Flourishing Chinese Cinema Diversity and New Blood

Qin Hao in „Crosscurrent“
Qin Hao in „Crosscurrent“ | © Berlinale

2016 starts well for Chinese-language cinema, burgeoning with an impressive range of subject matters and visual style and full of surprises from new filmmakers.

Moving away from the self-exoticism for which the fifth generation of Chinese filmmakers have often been criticised, Chinese-language cinema prospers with fresh perspectives, new discovery, and creative means of expression, as we see in this year's Berlinale selection across categories. It is a cinema which reflects the Chinese-speaking regions in their many facets and without disguise.

The only Chinese presence in the competition category this year is Yang Chao's (杨超) Crosscurrent (长江图). Yang Chao, whose film Passages (旅程) was awarded the Golden Palm at Cannes in 2004, presents his magical-realist film and a love story in a ferry sailing along the Yangzi River. The Berlinale Forum, aka the International Forum of Young Cinema, showcases Midi Z's (赵德胤) City of Jade (翡翠之城), Wang Bing's (王兵) Ta'ang (德昂), Zhang Hanyi's (张撼依) Life after Life (枝繁叶茂) produced by Jia Zhangke (贾樟柯), and Jonny Ma's Old Stone (老石). Participants in the Panorama, a Berlinale section which defines its mission as building bridges, include Dog Days (三伏天) by the American director Jordan Schiele which tells the dramatic story of a stolen baby in Changsha, and My Land (吾土) by Fan Jian (范俭) depicting the impact of gentrification on vegetable farmers. Unveiling a rarely discussed issue, Inside the Chinese Closet made by the young Italian director Sophia Luvarà touches upon marriages of convenience between gay men and lesbian women in Shanghai for the sake of keeping the family's “face” and social conventions. Wayne Wang, famous for his film Joy Luck Club, presents the Japanese production While the Women are Sleeping starring Takeshi Kitano. In Generation, a section dedicated to children and young people, there is Wang Yichun's (王一淳) What's in the Darkness (黑处有什么) which cleverly portrays the small town plagued with serial crime through a teenager girl's observation in the 90s. Finally, the master of Taiwanese cinema Hou Hsiao-hsien takes part in this year's Berlinale through the restored Daughter of the Nile in the Classics section.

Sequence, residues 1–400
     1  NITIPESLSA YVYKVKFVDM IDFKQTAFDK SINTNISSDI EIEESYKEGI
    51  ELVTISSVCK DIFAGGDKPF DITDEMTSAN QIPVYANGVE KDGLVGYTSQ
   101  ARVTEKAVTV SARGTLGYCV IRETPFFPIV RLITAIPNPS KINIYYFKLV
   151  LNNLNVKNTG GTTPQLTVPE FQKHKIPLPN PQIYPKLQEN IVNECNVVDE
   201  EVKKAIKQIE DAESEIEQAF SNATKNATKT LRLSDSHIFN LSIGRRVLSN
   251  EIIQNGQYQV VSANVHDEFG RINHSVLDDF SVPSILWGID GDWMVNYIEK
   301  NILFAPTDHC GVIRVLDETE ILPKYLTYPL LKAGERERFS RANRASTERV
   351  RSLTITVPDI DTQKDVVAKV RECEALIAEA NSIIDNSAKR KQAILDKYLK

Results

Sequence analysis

Spanning from Shanghai to Yunnan, from Yangzi River to Burma, from historic to contemporary, and from iconic figures to new filmmakers, Chinese-language cinema of this year is dynamic and all-encompassing. It features multinational coproduction, audacious themes, lots of humanity, and a strong desire for artistic expression. In comparison to last year when Berlin was graced with the presence of big stars such as Zhou Yun (周韵), this year might be less glamorous - but definitely more cinematic.